Earlier this year when I caught Hot Sugar’s Cold World at SXSW, the kids I was sitting next to leaned over and asked if I was a fan of the indie producer. “I actually don’t know much about him, I just had a gap in my schedule,” I told them. “OH MY GOD! He’s a genius! I wish I could hear him for the first time all over again!” was their response. At the time, I took that as a red flag, assuming that the documentary would be a vanity project that overhyped the young wunderkind; after all, the SXSW guide described Hot Sugar (aka Nick Koenig) as a “modern day Mozart,” with supporters ranging from his collaborators in Das Racist to fellow indie darling Martin Starr, as well as producers David Gordon Green and Danny McBride. Fortunately, Hot Sugar’s Cold World is more moving than a fan project, it’s the rare music doc that effectively communicates the language and process of creation as much as it showcases the artist it focuses on.
An instrumentalist and producer who creates lush, complex music utilizing creative samples of every day sounds, like street noise and pop rocks and even room silence, as Hot Sugar, Koenig cultivates a quirky online presence and following. Looking like something from a VICE photospread, Koenig is initially off-putting, particularly whenever he waxes poetic about his creative process and talks shit about traditional instruments and recording. You get the sense that Koenig views himself as a genius figure who is too good for us mere mortals, right up until the point where his relationship with Kitty Pryde falls apart, at least.
After this development, Koenig becomes more vulnerable and open and the film transforms from a somewhat gimmicky accounting of two internet sensations to an intriguing glimpse behind the curtain of creativity and sound addiction. Koenig’s earlier statements about the evolution of music themselves evolve into philosophical treatises on the role sound plays in everyday life and Koenig’s quest to control the chaos of life by harnessing the everyday sounds we ignore. What previously seemed like stoner goofball talk about noise in space and human egotism over the worth of some sounds over others becomes clearer and Koenig takes on a kind of guide role. At this point, Hot Sugar’s Cold World delivers on the second half of its title, shifting the focus to Koenig’s view on our place in a world of sound and not merely Koenig himself.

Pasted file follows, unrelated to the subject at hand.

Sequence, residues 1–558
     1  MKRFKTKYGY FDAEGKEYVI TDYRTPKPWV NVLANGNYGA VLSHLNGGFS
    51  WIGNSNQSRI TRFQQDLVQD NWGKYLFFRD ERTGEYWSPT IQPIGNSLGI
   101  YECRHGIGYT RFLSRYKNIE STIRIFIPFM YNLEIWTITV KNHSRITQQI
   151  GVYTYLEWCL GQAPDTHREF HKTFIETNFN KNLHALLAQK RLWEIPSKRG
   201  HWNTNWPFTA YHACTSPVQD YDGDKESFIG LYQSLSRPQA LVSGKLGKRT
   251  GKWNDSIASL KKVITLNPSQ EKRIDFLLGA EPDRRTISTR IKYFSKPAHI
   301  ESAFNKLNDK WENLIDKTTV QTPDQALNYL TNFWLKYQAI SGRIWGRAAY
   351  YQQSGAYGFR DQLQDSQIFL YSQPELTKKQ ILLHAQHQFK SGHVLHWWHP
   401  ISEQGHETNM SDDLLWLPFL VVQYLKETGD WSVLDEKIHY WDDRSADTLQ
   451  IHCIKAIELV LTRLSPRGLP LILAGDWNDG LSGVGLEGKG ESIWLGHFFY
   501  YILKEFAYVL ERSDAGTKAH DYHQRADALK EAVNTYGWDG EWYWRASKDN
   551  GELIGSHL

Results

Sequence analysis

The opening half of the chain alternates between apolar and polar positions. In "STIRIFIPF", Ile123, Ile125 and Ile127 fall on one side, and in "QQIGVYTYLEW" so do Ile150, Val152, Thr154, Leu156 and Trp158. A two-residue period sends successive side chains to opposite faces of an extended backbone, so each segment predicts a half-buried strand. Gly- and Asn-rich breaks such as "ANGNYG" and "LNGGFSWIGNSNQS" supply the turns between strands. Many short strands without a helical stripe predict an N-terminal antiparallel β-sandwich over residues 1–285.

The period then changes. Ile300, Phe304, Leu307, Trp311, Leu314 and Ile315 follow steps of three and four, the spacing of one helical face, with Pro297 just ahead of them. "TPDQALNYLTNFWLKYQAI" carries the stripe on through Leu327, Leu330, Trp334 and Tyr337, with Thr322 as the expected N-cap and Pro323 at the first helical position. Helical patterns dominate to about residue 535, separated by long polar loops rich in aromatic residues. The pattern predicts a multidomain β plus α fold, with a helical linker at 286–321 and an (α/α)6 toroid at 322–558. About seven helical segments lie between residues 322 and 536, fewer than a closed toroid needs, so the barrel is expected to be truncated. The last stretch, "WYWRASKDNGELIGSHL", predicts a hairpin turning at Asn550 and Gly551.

There is also a surprising amount of drama to the film, with Koenig’s almost inhuman focus on his art occasionally melting away to show his equally passionate interest in helping those he cares about. One of the film’s most moving scenes details Koenig’s relationship with a disarmingly hip old man, a musician of sorts himself, whose body is covered in tattoos. Your inner cynic might initially make you suspect Koenig is just talking about this man because he is another oddball operating on the fringes of art and society, but the more Koenig talks about their relationship, the more obvious it becomes that they have had a profound effect on each other’s lives. It’s not the first time Koenig lets you glimpse his empathy and vulnerability, but it stands out as an especially effective sequence showing how the little moments Koenig works into his music often result in huge emotional moments for him personally.
By the time the film wraps up, Koenig is a lot more relatable and regardless of where you stand on his music, Hot Sugar’s Cold World is a fascinating peek inside the creative process and the larger meaning of art. Usually music films struggle to convey the spontaneity of the creative process in an artful manner, but Hot Sugar’s Cold World presents the process in a realistic and entertaining fashion. That’s quite an accomplishment and regardless of the eventual course of Hot Sugar’s career, Hot Sugar’s Cold World is a film that has the potential to develop a strong cult following.
Hot Sugar’s Cold World is available on VOD starting tomorrow, November 6th, and will also have select screenings, check the film’s site for details. Portions of this review originally ran as part of Loser City’s SXSW coverage.
Morgan Davis sells bootleg queso on the streets of Austin in order to fund Loser City. When he isn’t doing that, he gets complimented and/or threatened by Austin’s musical community for stuff he writes at Ovrld, which he is the Managing Editor of.